As promised, I wanted to share some thoughts on the advocacy data included in the 2008 eNonprofit Benchmarks Study from M+R and NTEN (you can read about the email campaign data and the fundraising data, too).
The average rate for page completion (filling in a form, etc.) increased from 85% in 2006 to 89% in 2007. Things like improved layout and design of advocacy pages could be the reason for the increase, or that supporters are more comfortble/used to the forms and what to expect when clicking through to the page. I think it is also important to think about the inclusion of auto-complete/fill information either from a personal option on the users’ computers or through a cookie from your site.
Environmental and rights organizations each had about half of their membership taking action in 2007. That is well ahead of health and international organizations. Often, it is hard to simplify the best reason or couple reasons that contribute to the high action rates. Of course, doing everything ‘right’ doesn’t hurt! I suggest signing up on the list for organizations or campaigns that strikes/surprises/motivates/impresses you outside (or in) your sector of work and learn from the ways it is done – how the emails are done (how many, about what, etc.), how you are called to action, how you are rewarded for action if you do take it, etc.
One statistic that is very important to learn from is that of those who are active members, 13% are categorized as ‘super activists’ but those 13% account for 42% of the action taken (in 2007). These super activists comprise about 5% of an organization’s list. These are very important members. That much goes without saying; but, what does it mean for your organization’s interaction with them? It’s important to investigate and develop ways for super activists to do the work of cultivating less active or inactive members into taking action, so that you don’t have to. Building a system for interaction between members can allow for further actions that include inviting others to become active when you do, or suggesting actions to your contacts, etc.
#1. Human Rights Campaign
The HRC increased its advocacy response rates in 2007 by a full percentage point and contribute this increase to segmentation of its list. It split the list into five sub-lists based on the members’ past activities/interactions with the organization. HRC could then communicate in a more tailored way with the members on each list.
Today, everyone on the list gets one advocacy action and the one email newsletter per month, plus a fundraising campaign every 2-3 months. Beyond that, audiences for emails are based on demonstrated interest. For example, extra action alerts only go to people who’ve already shown an interest in that issue and to core activists (who have taken 5+ online actions in the page year). Special fundraising campaigns target recent donors. Higher-threshold actions like phone calls and letters to the editor never go to inactives.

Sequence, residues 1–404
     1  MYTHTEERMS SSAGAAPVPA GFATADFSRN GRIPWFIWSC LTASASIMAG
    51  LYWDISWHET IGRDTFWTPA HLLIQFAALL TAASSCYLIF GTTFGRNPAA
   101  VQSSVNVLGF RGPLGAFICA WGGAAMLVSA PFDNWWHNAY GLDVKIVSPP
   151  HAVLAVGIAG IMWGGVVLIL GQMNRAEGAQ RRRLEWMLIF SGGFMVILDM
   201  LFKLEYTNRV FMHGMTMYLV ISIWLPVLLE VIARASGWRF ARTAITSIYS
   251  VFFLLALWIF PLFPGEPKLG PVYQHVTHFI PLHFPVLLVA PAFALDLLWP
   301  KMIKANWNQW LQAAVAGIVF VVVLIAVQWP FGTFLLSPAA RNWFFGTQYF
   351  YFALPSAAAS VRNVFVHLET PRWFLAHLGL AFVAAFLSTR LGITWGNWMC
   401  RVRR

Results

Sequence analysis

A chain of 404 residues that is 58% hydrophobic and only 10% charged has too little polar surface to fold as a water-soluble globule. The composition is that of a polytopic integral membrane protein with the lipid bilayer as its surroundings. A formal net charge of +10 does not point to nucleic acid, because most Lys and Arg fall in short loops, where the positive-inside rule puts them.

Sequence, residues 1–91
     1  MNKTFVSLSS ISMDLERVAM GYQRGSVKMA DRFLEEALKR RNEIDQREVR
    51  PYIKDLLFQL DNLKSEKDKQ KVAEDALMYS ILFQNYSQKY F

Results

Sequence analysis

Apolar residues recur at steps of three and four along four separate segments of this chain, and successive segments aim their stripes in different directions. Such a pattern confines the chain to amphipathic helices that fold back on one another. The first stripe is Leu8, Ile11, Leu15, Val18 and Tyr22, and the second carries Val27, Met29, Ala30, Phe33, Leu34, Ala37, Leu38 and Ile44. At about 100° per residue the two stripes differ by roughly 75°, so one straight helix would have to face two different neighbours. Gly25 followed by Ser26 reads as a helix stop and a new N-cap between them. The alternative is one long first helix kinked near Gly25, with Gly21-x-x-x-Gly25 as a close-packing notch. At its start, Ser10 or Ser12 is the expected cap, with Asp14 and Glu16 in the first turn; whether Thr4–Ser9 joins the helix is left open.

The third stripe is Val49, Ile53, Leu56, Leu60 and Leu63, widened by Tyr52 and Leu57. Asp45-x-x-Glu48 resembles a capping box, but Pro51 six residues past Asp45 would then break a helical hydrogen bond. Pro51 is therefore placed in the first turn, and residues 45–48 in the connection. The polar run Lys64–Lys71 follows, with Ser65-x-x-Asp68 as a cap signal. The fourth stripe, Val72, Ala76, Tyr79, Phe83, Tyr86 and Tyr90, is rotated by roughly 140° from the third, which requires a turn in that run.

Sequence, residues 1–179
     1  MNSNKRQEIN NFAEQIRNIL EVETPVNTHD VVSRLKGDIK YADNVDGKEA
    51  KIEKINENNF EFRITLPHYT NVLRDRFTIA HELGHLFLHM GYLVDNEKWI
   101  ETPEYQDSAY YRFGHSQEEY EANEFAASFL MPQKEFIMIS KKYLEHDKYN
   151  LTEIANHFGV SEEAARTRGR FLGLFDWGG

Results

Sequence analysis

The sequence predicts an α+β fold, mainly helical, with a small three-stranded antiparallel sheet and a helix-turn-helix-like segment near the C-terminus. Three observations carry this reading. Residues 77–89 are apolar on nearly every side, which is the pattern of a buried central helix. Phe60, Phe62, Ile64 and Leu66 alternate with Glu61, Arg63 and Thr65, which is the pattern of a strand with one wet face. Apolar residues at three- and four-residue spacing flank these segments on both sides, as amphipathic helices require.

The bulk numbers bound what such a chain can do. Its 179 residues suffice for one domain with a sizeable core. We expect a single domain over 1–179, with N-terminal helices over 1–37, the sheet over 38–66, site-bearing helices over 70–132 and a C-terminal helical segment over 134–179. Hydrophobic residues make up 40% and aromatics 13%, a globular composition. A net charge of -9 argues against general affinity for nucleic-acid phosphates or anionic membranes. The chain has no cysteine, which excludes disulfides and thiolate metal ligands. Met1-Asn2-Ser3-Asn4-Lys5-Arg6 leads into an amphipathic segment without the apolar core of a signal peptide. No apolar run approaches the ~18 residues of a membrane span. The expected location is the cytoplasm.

Even though there may be fewer people receiving an important action, it is directed at the members more likely to actually do it, instead of becoming another email to someone frustrated by action alerts who only subscribes for the news and information.
#2. Environmental Defense
ED noticed that they were earning 40% of their dollars in the year-end and that people gave at the same rate regardless of how many emails when looking at the data from three consecutive Decembers. In 2007, they took a random 15% of their list and those members received only 3 messages while the rest of the list received 13 (between Thanksgiving and December 31st). The group receiving only 3 messages had a lower donation rate so they plan to do further list testing to find the ‘sweet spot’ with their members. What has been the result of list tests like this; if you haven’t yet done any segmenting or testing, do you plan to?
An interesting test that ED conducted on their website took place right on the home page. They used a graphic with polar bears and a call to action for contributions, in one instance, and in the other simply put the donation form in the same spot (top, center of the home page). What they noticed was an increase of 8% more gifts with the donation form, 8% more donations of $1,000 or less and 10% more donations of %500 or less. The lesson they learned was to just put the option completely in front of the visitor, take out all possible clicks, and let them decide right away if they are going to give or not.
What has been the best advocacy campaign/call to action in the last year at your organization? What data did you collect (either quantitative or qualitative) that helped you plan for the next one?